INDIANAPOLIS — Instead of keeping the public “in the dark” regarding the arrest of Richard Allen in the Delphi murder case, authorities should have been more prepared for the intense interest a key development in the high-profile case would draw.
That’s the legal opinion of Indiana Public Access Counselor Luke Britt, who was critical of how Indiana State Police handled a request for information about Allen’s arrest.
Lafayette Journal & Courier reporter Ron Wilkins filed a formal complaint on Nov. 8 about the handling of Allen’s detainment. The filing came a week after Indiana State Police, the Carroll County Sheriff’s Office and Carroll County Prosecutor’s Office announced Allen’s arrest in a news conference.
According to the complaint, Wilkins submitted a public records request on Oct. 28, the Friday before the Oct. 31 arrest announcement. Indiana State Police denied his request on Oct. 29, despite Indiana code mandating that such information be disclosed within 24 hours of an arrest.
Allen had been arrested on Oct. 26. Wilkins and the newspaper argued they were entitled to the information under Indiana law.
Britt, whose office is charged with preserving the access rights of information to the public, wrote that the information should have been made available “no later than 24 hours after the suspect’s arrest.”
ISP argued the denial was “under the direction” of the county prosecutor and judge, who’d sealed court records related to the case. But Britt said the daily arrest log is not a judicial record and would not be governed by a court order. Since arrest logs are kept on a daily basis, providing the information would require little time or effort on the part of ISP.
On Oct. 31—two days after Wilkins’ request was denied—authorities held their news conference announcing they’d arrested Allen in connection with the infamous murder case.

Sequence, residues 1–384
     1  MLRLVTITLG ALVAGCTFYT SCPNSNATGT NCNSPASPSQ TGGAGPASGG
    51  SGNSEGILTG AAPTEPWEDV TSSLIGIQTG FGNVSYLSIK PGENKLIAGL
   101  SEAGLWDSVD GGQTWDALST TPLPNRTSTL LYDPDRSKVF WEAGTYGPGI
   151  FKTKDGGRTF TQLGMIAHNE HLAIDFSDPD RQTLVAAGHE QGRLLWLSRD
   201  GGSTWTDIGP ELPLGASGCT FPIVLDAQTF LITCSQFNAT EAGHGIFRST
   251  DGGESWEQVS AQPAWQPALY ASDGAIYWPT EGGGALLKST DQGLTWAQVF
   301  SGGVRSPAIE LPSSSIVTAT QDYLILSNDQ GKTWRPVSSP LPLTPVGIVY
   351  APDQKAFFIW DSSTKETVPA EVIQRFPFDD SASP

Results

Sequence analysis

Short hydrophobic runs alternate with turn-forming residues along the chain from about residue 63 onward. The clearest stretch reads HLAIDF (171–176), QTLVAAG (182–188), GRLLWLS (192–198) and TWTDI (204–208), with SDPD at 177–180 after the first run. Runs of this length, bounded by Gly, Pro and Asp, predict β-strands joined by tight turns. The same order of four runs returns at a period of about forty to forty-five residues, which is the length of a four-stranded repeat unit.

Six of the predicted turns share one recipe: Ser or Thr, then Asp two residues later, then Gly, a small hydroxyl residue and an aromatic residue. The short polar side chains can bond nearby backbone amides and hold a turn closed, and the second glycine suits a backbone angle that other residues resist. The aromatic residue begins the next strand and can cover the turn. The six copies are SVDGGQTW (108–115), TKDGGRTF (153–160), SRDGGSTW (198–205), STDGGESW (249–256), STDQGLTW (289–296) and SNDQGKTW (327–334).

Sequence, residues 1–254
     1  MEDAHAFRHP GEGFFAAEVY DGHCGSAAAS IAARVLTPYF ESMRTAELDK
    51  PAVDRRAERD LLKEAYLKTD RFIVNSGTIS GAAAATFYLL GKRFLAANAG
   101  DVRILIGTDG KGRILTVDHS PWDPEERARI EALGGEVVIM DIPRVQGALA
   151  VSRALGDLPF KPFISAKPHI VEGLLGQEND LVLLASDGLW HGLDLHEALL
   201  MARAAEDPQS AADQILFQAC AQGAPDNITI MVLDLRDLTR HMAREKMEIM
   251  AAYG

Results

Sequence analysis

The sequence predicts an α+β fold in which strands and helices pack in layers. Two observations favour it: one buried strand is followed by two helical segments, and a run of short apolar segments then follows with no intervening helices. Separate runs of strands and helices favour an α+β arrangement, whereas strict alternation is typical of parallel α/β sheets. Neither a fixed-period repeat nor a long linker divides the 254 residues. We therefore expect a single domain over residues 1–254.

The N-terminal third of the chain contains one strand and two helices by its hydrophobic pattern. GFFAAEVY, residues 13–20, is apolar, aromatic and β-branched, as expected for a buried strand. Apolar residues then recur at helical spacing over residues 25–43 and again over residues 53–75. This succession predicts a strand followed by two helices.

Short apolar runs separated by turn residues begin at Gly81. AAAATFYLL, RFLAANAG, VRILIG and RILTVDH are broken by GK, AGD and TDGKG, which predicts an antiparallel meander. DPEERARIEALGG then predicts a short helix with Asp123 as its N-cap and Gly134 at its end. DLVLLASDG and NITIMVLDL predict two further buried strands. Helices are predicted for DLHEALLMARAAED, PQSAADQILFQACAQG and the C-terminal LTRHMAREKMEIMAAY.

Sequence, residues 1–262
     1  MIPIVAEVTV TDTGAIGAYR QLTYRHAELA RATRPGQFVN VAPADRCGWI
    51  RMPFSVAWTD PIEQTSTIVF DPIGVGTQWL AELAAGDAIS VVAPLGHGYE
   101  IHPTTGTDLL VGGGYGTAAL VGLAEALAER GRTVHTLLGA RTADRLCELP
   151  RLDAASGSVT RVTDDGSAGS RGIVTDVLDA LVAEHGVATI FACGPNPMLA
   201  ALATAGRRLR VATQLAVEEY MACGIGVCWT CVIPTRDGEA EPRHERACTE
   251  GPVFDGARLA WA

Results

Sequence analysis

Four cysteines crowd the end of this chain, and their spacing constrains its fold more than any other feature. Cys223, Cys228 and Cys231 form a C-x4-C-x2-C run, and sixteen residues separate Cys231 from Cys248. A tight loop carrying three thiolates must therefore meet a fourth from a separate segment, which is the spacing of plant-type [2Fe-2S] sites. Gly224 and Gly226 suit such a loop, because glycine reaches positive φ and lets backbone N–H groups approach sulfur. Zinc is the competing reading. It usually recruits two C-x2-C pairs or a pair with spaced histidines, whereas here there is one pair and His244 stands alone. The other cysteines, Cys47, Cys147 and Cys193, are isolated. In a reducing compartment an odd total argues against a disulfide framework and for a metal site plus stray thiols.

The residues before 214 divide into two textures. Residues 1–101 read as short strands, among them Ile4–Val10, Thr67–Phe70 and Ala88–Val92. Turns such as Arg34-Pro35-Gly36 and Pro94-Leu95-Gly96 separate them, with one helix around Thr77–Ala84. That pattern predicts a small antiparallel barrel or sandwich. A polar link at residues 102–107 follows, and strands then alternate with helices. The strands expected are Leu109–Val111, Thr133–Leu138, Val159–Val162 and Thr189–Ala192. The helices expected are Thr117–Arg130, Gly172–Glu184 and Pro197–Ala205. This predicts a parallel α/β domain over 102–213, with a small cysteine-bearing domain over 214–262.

The news came more than five years after Abby Williams and Libby German disappeared on the Monon High Bridge. Their bodies were found on Feb. 14, 2017, following a large search; the story gained national attention.
Allen is charged with two counts of murder after investigators said they linked an unspent round found next to the girls’ bodies to a gun he owned.
Britt took issue with how authorities handled the case, implying that the government had been its own worst enemy. From Britt’s conclusion:
This office remains convinced that much of the consternation regarding public access in this case is much of the government’s own doing. Simply put, the law enforcement agencies at play could have anticipated an onslaught of requests for the arrest information and prepared accordingly instead of keeping the public in the dark for several days until they arranged a more convenient method of disseminating information.Public Access Counselor Luke Britt
Court records related to the case were also sealed, including the probable cause affidavit. Media organizations contested the order shielding those documents from the public, although a special judge granted the release of a redacted version of the affidavit in late November 2022.
Earlier this week, the court released Carroll County Prosecutor Nick McLeland’s October 2022 motion asking a judge to seal the records. According to the motion, McLeland argued that releasing the information would “create serious and imminent danger to the public interest” and possibly damage an “ongoing murder investigation.”
Allen is next due in court on June 15 for a bail hearing.